Sense8 and sensibility, or
how it became necessary to queer the world in order to save it

by Deborah Shaw and Rob Stone

Making sense of Sense8 requires a certain sensibility.[1][open endnotes in new window] Dreamt up by Lana and Lilly Wachowski and J. Michael Straczynski for Netflix, Sense8 dropped onto the global streaming platform on 5 June 2015. The first episode introduced a multinational ensemble cast playing eight strangers from different parts of the world. And, as viewers discovered that these characters shared mental, physical and emotional experiences that amounted to radical empathy, so the viewers claimed to share the characters’ radical empathy too, not only via their viewing of the series but through an online fanbase that would grow to determine the fate of the series. Ostensibly the show was a science-fiction series, relating how eight “sensates” realize they are a separate species named Homo Sensorium; the disparate group can communicate telepathically, body-swap in times of need, and transcend time and space to form a resistant, even militant unit that fights for survival against a sinister organization. Although in its effect Sense8 quickly transcended its synopsis, we provide a brief outline here, especially useful for readers who have not seen the series.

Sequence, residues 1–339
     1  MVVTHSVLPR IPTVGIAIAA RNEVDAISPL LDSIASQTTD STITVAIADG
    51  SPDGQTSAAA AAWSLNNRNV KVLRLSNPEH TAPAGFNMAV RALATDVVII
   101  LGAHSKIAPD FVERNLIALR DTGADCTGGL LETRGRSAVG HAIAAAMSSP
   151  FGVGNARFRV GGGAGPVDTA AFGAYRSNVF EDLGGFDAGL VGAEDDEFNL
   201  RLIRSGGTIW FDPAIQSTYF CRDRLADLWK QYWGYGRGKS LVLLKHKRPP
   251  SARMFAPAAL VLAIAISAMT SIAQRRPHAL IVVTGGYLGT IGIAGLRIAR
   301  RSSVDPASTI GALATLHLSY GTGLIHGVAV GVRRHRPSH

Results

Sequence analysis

The characters: “You are no longer just you”

To give a sense of the series without detailing the widely varying episode incidents, we will briefly describe the characters. There is an onscreen cluster of eight members of a separate species termed Homo Sensorium who share a birth date of 8 August (the eighth month). The episode plotlines generally serve to show the ways that radical empathy sets these characters apart from stalled human evolution (the figure 8 also is the symbol of infinity). Many of the plotlines revolve around action adventures, but there is a difference from most action plots: these characters share an empathetic psychic connection, can hear and converse with each other, and can appear in each other’s lives when the occasion demands.

After they find they can ‘visit’ fellow members of their cluster, they progress to ‘sharing’ and become an eight-strong ‘being’. As Jonas explains the process to Will, this sharing can only occur with his “seven other selves” within the cluster; and sharing allows them all to (in Jonas’s words) access “each other’s knowledge, language, skills.” At times of greatest emotional and physical intensity, all the sensates appear together, which turns sex into an orgy, for example, and a fight into a full-on brawl, Lito’s coming out speech at São Paulo’s Pride into a collective celebration of self-affirmation, and a classical music concert in Iceland into the occasion of group therapy, with each sensate reliving memories of his/her/their birth.